1 TB = 1024 GB.
2 TB = 2048 GB.
New Super Mario Bros. U is 1.8 GB.
Nintendo Land is is 3.2 GB.
Tekken Tag Tournament 2 Wii U Edition is 16.7 GB.
Wii U discs are up to 25 GB.
A 1 TB HDD can theoretically store 568 copies of NSMBU, 320 copies of Nintendo Land, 61 copies of TTT2, or 40 games at a full 25 GB each.
A 2 TB HDD can theoretically store 1137 copies(!) of NSMBU, 640 copies of Nintendo Land, 122 copies of TTT2, or 81 games at a full 25 GB each.
There is no known disk install feature.
Forget about partitioning. As external HDDs formatted for the Wii U won't be inter-operable with PCs, be sure to think about how many Wii U games you'll be downloading over the course of the generation before you waste money on an excessively large storage device.
See 9:30-10:01 here.
To use an external USB storage device, select Format External USB Storage Device from Data Management in the Settings menu. This will format it for use with the Wii U, a format different from that used by PCs and other devices, on which it will no longer be usable. Please understand ahead of time that a hard disk used as an external USB storage device cannot be used on PCs and other devices.
Originally Posted by Satoru Iwata
USB記録メディアを使うには設定の中の「データ管理」の「USB記録メディアを初期化する」で初期化をすると、使えるようになります。この際にはWii U専用に初期化され、PCなどで使う際と異なるフォーマットで初期化され、PCなどで使用する事が出来なくなります。USB記録メディアとして使用するハードデ ィスクはPCなど他のデバイスと共用出来ない事は予めご了承ください。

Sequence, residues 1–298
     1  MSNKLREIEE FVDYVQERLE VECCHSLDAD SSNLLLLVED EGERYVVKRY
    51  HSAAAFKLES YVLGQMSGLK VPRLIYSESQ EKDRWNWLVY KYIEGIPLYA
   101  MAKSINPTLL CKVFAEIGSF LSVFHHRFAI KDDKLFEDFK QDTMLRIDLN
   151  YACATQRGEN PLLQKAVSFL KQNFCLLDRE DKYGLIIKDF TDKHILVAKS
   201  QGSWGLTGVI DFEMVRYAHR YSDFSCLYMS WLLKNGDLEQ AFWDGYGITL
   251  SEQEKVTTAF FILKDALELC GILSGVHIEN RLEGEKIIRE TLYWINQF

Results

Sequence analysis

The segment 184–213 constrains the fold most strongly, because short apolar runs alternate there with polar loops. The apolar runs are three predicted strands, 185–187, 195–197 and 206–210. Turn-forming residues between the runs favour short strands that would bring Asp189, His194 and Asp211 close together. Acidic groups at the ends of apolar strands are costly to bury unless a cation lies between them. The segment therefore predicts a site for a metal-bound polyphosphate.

Better yet, if you're getting a Deluxe Set, hold off completely and get a cheaper drive down the line when you need it.
Originally Posted by Nintendo Direct 2012.11.14 translation by cvxfreak
In Data Management, you must format the connected media drive. Note that this means you cannot use the drive with a PC.
SD Cards can hold PC data, Wii Virtual Console, Wii Ware, and Wii save data, but cannot be used to save Wii U [games or] game save data.
Couldn't see this mentioned in the thread, but bear Kryder's Law in mind. Disk space increases as years go by, while price stays the same.
Think about how many games you're going to buy in year 1. It may be more cost effective to buy a small drive (say, 40 - 80GB) and then re-buy when you're low on space, especially with the rapidly falling prices of SSDs.